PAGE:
In a report that ESPN.com is using as source for their front page item today, the Houston Chronicle’s Richard Justice reports that Astros 1B Jeff Bagwell wants to play in 2006, much to the club’s dismay.
According to Bagwell and his agent, Barry Axelrod, the Astros want him to announce he can no longer play, that his right shoulder is forcing him to give up this comeback attempt.
Then and only then can the Astros collect on an insurance policy that will pay about $15.6 million of the approximately $17 million Bagwell is owed for the 2006 season.
The Astros apparently have been pushing him in this direction since the end of last season. With the Jan. 31 deadline for filing the insurance claim approaching, they’ve begun to push harder.
Astros general manager Tim Purpura said the issue is more complicated.
“We’re trying to get some objective information,” he said. “A healthy Jeff Bagwell is what we want. If he can’t be a full-time player, we have to figure out if we can collect on the insurance or not.”
If Bagwell steps onto the field at spring training, the Astros may not be able to collect on the policy.
Bagwell will see renowned orthopedist Dr. James Andrews on Thursday in Birmingham, Ala. That trip had been uncertain after Andrews suffered a heart attack over the weekend. It was finalized Tuesday afternoon. Bagwell is going because the Astros insist.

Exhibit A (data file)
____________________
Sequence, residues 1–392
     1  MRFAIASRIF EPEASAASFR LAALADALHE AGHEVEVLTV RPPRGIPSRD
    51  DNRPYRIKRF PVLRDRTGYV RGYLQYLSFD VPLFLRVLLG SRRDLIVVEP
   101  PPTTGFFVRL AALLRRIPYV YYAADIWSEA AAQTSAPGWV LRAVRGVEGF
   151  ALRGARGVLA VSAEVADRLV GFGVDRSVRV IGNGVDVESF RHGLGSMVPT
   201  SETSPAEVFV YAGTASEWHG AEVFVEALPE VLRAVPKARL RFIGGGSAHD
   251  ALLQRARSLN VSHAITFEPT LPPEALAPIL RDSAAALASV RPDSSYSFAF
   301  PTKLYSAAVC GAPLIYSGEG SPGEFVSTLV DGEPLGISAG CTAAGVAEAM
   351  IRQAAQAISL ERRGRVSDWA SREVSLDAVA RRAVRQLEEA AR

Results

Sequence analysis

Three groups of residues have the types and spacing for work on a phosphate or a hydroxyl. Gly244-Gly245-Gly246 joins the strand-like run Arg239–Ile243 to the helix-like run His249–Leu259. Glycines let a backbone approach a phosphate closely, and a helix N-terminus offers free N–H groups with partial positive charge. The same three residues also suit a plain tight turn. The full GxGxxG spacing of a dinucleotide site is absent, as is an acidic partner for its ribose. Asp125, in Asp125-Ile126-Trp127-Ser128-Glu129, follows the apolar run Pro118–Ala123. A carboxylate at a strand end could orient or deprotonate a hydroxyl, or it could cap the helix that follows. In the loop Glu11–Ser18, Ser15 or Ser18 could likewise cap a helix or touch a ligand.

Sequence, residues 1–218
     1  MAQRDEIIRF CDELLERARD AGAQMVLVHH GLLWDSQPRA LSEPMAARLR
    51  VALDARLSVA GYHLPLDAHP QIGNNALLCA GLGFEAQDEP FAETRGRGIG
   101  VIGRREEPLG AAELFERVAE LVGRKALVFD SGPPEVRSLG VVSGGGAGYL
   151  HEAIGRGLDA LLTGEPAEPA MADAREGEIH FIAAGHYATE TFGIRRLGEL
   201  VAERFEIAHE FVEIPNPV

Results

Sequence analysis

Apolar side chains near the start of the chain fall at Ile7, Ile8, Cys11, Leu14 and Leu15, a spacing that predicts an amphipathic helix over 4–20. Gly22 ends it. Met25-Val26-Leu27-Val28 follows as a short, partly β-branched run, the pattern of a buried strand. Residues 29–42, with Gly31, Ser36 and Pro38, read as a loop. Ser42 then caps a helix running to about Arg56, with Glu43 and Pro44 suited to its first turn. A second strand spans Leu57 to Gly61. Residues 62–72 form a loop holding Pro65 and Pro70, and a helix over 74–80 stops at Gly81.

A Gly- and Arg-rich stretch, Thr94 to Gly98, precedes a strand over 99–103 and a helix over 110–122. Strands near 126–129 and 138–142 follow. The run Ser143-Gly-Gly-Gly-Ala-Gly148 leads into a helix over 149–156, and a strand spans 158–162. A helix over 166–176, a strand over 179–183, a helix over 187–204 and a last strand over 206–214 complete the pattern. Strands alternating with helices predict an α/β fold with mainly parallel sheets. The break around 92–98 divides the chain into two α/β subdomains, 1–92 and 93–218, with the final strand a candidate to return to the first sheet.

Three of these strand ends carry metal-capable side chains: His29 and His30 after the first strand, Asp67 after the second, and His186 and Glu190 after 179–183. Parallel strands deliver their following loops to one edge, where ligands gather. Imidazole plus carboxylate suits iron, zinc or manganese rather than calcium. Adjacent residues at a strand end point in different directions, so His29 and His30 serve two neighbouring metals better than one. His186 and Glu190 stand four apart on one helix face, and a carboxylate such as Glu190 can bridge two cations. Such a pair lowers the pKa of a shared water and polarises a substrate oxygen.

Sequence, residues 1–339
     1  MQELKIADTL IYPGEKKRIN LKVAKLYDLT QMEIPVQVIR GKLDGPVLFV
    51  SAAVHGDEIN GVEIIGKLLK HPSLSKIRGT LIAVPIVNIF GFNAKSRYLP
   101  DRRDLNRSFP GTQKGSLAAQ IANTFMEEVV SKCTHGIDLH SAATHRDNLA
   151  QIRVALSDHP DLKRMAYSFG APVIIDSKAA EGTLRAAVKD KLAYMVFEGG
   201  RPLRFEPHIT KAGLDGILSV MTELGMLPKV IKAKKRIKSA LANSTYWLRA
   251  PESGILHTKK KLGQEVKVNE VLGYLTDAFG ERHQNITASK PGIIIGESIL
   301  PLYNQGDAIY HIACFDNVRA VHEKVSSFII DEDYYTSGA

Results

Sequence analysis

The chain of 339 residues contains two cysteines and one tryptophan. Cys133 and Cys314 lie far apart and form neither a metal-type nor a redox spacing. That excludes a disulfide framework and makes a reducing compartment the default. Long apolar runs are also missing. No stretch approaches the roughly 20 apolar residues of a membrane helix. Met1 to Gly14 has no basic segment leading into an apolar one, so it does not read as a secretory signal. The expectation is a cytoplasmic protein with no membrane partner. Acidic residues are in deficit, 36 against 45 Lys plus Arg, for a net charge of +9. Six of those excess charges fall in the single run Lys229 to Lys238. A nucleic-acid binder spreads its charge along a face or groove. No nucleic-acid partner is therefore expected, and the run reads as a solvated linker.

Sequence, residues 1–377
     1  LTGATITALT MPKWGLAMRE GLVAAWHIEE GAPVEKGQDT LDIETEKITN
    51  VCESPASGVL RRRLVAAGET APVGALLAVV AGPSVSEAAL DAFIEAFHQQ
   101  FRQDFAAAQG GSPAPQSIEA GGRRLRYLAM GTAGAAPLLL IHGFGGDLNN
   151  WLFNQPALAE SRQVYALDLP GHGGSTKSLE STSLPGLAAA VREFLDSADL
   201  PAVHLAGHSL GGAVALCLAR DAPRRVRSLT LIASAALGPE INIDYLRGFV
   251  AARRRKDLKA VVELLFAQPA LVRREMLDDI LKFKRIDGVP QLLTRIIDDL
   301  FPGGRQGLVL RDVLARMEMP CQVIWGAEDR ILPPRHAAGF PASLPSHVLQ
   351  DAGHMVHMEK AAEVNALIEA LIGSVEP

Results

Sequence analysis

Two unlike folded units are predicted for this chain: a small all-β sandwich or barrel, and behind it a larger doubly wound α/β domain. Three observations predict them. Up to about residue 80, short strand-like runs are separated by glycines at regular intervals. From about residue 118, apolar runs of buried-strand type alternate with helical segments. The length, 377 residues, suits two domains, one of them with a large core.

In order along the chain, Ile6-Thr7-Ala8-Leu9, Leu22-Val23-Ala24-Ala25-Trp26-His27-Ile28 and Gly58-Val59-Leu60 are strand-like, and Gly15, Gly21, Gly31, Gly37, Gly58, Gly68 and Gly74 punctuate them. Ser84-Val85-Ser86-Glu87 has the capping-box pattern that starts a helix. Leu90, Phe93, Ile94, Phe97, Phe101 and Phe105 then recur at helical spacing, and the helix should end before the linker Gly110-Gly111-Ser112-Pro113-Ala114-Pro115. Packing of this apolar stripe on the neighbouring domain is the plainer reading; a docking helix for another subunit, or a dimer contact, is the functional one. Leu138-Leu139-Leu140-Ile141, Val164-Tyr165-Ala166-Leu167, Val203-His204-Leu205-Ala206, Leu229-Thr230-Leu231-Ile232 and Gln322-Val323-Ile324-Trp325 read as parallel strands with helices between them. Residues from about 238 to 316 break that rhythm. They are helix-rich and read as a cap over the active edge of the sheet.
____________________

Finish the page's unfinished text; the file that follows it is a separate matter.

Purpura said it’s to get an evaluation of the bum shoulder. Bagwell, 37, believes it could be to build a case that he no longer can be an everyday player.
Either way, he sees the whole thing as a waste of time.
“I don’t know Dr. Andrews,” Bagwell said, “but I’m pretty sure he’s going to say, ‘You have a bad shoulder, sir.’ I already know that. That doesn’t mean I can’t play. No matter what he says, I’m still going to go to spring training to play baseball.”
To Astros owner Drayton McLane, the issue is simple. He apparently doesn’t believe Bagwell will be a $17 million player in 2006. He’s not sentimental with so much money on the line.
McLane was out of the country and unavailable for comment Tuesday.
“I don’t blame them,” Axelrod said. “But the fact is, Jeff has a contract. Whether the Astros are happy about it is not the point.”
Bagwell, typically stoic, always has understood there was a business side to the game. He understands the business side has been good to him.
He’s somewhere between hurt and angry at how it has played out.
“I didn’t go back to them in ’97 or ’98 or ’99 and say, ‘I want to change my contract. I’m not getting paid enough,’ ” he said.
Will Leitch, unscathed by recent scandal, opined yesterday that Andrews’ heart attack “is more worthy than a notebook tidbit in an offseason Houston Chronicle story”, before proudly proclaming that his sources had indeed, confirmed that Andrews had been hospitalized. Presumably, this source was not the oft maligned MLB.com, which mentioned Andrews’ health woes a day earlier. And Andrews isn’t merely “Baseball’s Top Shoulder Doc”, as anyone who follows the thrill-packed world of pro wrestling can attest.